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Tax break on profits again in jeopardy

But critics say ending benefit for financiers would hurt economy

By Michael Kranish
Globe Staff / November 27, 2009

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WASHINGTON - An effort in Congress to eliminate a generous tax break for hedge fund managers, private-equity specialists, and venture capitalists, which could be taken up next week in the House Ways and Means Committee, is being met with resistance by opponents who say the move would weaken the economy.

The benefit has long been a target of tax equity advocates, who say it unfairly enriches high-earning financiers. Partners in those sectors of the investment industry enjoy a 15 percent tax rate on much of their profits, which are treated as capital gains, instead of the 35 percent rate they would pay if their earnings were taxed under normal income rules.

The House voted last year to kill the tax break, but the Senate balked. This year, President Obama advocated its elimination, a move that it is estimated would cut the deficit by $23 billion over the next 10 years. A fresh measure is expected to be considered in the House next week, but advocates say the outcome remains unclear.

The endurance of the special tax break is testament not only to the power of financial industry lobbyists but also to the support of key lawmakers. For example, Representative Richard Neal of Massachusetts, a member of the House Ways and Means Committee, voted against the tax break in 2008 and acknowledges the provision is perceived by many to be unfair. But now he wants to delay action, saying he is worried that eliminating the tax break this year could be “a job killer at a very precarious time.’’

Neal said he wants the matter addressed next year in broader legislation for a tax overhaul. Referring to the perception of unfairness when private-equity firms benefit from the current tax policy while laying off employees in job restructuring, he said, “You can’t defend it.’’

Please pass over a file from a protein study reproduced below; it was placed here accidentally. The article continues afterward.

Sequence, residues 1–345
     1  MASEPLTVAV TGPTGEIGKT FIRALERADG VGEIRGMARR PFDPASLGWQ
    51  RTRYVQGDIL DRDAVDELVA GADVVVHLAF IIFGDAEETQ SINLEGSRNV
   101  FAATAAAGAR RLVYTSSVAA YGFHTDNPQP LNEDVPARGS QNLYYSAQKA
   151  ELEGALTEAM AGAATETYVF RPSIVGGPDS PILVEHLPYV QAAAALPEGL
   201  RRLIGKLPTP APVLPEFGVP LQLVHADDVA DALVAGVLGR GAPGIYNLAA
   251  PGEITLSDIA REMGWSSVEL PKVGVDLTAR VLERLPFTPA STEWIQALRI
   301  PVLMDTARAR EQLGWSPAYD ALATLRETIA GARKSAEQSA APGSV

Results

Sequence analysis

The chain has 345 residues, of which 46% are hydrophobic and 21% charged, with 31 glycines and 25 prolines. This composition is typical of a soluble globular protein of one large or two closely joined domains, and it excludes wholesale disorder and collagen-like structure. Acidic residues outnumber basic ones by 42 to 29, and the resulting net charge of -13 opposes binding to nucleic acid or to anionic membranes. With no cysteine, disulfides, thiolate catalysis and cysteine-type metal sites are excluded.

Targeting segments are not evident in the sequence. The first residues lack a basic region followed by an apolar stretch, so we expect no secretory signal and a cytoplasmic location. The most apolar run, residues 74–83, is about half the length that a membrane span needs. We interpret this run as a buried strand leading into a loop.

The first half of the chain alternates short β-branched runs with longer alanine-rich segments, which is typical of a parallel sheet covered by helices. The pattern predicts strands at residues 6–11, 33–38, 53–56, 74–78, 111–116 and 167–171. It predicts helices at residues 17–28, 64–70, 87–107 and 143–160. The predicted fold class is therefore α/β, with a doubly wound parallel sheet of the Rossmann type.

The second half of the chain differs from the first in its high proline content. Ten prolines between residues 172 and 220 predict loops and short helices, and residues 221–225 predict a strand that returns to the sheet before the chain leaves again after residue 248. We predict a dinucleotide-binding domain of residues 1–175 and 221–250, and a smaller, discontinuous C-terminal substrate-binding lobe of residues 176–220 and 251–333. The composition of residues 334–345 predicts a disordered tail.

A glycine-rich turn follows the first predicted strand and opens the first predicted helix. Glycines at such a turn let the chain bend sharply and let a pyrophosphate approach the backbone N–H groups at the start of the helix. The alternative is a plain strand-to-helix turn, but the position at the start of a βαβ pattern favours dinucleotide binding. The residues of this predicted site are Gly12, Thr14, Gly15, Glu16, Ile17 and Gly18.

Massachusetts is home to scores of these types of investment firms, and it has the second-highest volume of venture capital investment, behind only California.

The issue has also come up in the campaign for the US Senate seat in Massachusetts. Stephen Pagliuca, a Democratic candidate, made part of his fortune as a managing partner at Bain Capital Partners, a private-equity firm. The company has hired lobbyists and joined an industry effort to retain the tax break.

In a recent mailing to Massachusetts voters, Pagliuca wrote, “Washington lobbyists are working overtime to make sure that real reforms never become law.’’

Pagliuca has said he supports raising the tax on capital gains from 15 percent to 20 percent, but he has not supported the proposal that much of the profit at private equity be taxed at the top rate for ordinary income, 35 percent.

Asked yesterday about Pagliuca’s stand, his spokesman, Will Keyser, said, “Steve believes that additional changes should be studied and would be open to supporting them if it can be structured in a manner that doesn’t hurt investment.’’ But Keyser said Pagliuca believes an increase beyond the 20 percent rate must be “weighed against the potential negative impact on capital formation for clean energy, oil and gas, real estate, and venture capital.’’